6. Use public transit and bike-sharing. It's easy to use the CTA, which operates subways, El trains and buses. Get a Ventra Card, $10 for one day and $20 for three days.
If you buy and register the three-day card before you arrive, you can avoid the $5 fee for the reloadable card. If you buy it at the machine, you can register it later and get the $5 as a credit.
For bicycling, pick up a blue Divvy bike at one of the many stations around town. A 24-hour pass is $7, including unlimited half-hour trips. A trip that lasts up to an hour incurs an extra $2.
7. Eat cheap. It's not hard. Along Michigan Avenue, look for Cosi, the Corner Bakery, Naf Naf Grill, Panda Express and
Chipotle; you can eat well for about $10 at all of them.
At the foot of the John Hancock Tower, try L’Appetito, a great but unassuming Italian deli at the foot of the John Hancock Tower.
© Torsten Muller
Concerts in Grant Park, including the Chicago Blues Festival, are free.
On the mezzanine level of Water Tower Place, eat at foodlife, a bazaar of made-to-order kiosks. But be careful; the food has so much eye appeal it's easy to run up the bill, recorded on a magnetic card.
And you can get a loaded Chicago hot dog and pile of fries for less than $4.
8. Use coupons. If you plan to visit the big museums, buy a CityPass, $98 and good for nine days. It provides general and special-exhibit admissions to Shedd Aquarium, the Field Museum, Skydeck Chicago, the Museum of Science and Industry or 360 Chicago (former the John Hancock Observatory) and Adler Planetarium or the Art Institute.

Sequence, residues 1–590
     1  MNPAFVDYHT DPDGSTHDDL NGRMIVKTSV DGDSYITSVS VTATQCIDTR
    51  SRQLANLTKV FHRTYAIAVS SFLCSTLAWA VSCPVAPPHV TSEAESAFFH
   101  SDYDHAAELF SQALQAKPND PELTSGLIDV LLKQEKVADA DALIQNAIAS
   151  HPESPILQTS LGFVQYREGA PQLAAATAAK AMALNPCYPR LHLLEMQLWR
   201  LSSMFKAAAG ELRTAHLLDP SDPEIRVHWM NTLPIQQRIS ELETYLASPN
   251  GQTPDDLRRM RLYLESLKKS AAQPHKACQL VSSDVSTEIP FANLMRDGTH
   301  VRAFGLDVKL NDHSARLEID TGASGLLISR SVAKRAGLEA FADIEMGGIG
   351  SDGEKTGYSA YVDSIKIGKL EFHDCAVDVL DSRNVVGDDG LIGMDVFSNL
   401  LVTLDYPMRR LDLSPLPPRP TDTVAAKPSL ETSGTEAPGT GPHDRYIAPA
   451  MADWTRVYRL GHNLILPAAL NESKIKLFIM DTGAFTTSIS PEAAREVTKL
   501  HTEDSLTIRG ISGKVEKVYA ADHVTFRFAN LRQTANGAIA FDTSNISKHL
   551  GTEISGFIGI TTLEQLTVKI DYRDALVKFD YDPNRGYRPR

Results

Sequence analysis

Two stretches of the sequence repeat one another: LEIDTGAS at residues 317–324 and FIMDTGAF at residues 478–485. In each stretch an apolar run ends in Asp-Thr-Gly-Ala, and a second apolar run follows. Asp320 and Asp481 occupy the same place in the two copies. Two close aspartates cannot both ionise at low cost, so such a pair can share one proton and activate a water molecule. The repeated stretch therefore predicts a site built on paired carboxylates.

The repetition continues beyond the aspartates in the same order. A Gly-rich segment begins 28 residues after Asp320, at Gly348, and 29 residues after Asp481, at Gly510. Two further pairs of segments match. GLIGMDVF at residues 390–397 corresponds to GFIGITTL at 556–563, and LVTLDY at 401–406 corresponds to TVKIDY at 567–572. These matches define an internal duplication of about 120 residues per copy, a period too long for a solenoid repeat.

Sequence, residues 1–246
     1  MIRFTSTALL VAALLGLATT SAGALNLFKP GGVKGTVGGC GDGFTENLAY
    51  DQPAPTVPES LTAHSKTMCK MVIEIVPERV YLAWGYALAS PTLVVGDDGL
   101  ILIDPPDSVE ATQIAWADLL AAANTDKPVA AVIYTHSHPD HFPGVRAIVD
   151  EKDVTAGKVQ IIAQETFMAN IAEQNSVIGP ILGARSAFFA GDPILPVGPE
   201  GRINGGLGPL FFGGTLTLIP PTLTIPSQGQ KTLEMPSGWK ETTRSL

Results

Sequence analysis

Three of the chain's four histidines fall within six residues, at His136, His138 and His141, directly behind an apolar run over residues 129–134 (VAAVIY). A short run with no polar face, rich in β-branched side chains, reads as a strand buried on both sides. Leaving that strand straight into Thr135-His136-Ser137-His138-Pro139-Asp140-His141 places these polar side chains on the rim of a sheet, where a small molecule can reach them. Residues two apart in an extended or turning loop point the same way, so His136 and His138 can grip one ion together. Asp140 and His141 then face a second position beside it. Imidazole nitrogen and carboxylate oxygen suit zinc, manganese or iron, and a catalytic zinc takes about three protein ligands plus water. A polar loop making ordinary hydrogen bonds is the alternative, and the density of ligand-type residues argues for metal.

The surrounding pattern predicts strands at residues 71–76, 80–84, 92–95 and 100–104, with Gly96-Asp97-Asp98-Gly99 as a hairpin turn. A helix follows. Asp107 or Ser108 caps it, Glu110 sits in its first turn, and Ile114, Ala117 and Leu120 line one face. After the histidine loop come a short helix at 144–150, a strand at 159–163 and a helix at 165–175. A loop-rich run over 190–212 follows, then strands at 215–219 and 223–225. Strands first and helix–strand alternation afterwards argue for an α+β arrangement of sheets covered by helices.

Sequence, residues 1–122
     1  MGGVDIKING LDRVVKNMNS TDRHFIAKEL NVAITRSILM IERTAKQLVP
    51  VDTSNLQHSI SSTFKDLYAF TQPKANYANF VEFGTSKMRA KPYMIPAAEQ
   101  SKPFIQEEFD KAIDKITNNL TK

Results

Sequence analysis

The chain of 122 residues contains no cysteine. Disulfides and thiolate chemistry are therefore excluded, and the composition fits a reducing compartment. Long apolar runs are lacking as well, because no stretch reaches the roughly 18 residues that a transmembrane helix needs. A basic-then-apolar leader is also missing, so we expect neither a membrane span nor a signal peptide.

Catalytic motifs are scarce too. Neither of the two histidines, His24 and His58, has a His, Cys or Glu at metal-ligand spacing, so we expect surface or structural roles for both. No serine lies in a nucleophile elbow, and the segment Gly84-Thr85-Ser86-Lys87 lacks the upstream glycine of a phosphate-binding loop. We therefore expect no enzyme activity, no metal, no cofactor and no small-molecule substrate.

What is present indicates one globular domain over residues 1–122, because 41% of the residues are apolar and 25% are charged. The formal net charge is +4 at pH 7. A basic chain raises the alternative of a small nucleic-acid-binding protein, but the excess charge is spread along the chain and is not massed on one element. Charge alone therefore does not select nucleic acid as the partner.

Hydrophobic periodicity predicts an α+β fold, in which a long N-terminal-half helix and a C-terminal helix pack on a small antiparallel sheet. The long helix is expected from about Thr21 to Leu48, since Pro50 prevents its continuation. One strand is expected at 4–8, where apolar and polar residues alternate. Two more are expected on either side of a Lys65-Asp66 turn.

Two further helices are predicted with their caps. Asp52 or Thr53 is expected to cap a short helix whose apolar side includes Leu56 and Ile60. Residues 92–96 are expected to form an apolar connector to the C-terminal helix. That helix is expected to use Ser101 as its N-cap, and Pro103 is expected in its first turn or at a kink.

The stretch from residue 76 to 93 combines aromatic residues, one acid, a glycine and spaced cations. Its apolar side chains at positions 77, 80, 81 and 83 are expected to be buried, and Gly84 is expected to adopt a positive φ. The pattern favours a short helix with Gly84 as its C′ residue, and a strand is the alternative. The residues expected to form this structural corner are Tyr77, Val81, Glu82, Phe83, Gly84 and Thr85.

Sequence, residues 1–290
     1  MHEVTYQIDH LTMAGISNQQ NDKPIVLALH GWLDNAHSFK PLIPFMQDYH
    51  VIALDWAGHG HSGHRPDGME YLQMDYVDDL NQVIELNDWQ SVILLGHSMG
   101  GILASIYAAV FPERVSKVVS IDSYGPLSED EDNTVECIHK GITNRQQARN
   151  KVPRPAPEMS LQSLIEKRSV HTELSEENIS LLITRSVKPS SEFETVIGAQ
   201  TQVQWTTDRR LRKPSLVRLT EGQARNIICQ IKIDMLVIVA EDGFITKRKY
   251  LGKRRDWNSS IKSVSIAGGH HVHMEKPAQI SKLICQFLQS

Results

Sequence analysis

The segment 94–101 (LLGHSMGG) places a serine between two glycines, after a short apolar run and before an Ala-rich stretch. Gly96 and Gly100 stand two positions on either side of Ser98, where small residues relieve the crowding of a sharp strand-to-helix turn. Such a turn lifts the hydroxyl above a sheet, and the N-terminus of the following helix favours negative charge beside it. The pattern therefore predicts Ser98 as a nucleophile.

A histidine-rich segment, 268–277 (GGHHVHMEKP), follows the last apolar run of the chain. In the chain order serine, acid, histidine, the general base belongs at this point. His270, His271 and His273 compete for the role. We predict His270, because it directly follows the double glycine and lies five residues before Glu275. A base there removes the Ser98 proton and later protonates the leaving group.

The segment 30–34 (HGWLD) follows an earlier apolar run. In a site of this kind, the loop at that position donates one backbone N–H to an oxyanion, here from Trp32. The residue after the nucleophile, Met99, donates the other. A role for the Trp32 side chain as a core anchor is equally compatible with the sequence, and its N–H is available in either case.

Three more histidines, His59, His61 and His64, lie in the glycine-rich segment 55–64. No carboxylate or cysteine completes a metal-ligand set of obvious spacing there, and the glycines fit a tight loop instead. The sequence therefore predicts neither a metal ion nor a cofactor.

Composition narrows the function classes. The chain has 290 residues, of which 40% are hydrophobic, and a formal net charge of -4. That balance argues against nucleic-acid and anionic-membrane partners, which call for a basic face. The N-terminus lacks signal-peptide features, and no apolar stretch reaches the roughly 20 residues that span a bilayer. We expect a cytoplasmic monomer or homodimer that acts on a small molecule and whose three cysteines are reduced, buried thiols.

you visit, subscribe to Groupon, LivingSocial and other deals for
Chicago. Many offers are aimed at locals, but some are for theater
tickets and tours, and there are lots of restaurant deals.
The Entertainment books for Chicago North and Chicago South & West aren't as good as it used to be, but check the offers if you'll be doing serious sightseeing and eating.They start at $35 in fall, and the price drops to as low as $5 as the year progresses. Buy online for such bonuses as free shipping, a $25 restaurant coupon and/or two books for the price of one.
9. Go to museums on discount days. The big museums used to have one free day a week, but now they vary their schedules, except for the Art Institute of Chicago, which is free on Thursday evenings.
Mondays and Tuesdays in the off-season (which doesn't include December) are good bets, but sometimes museums schedule entire free weeks. There's a handy list of free days, mostly for Illinois residents, at Choose Chicago.
Because waits already are long at the Museum of Science and Industry, it may be best to avoid free day there.
10. Have a Chicago Greeter show you around. Volunteer Greeters offer free tours of Chicago neighborhoods; reserve seven to 10 days in advance. There's also an Insta-Greeter service available at shorter notice.
For more about architecture tours, neighborhood food tours, ethnic neighborhoods, bicycling on the Lakefront Trail, the Christmas season and traveling with kids, see Chicago stories.
Last updated on January 18, 2017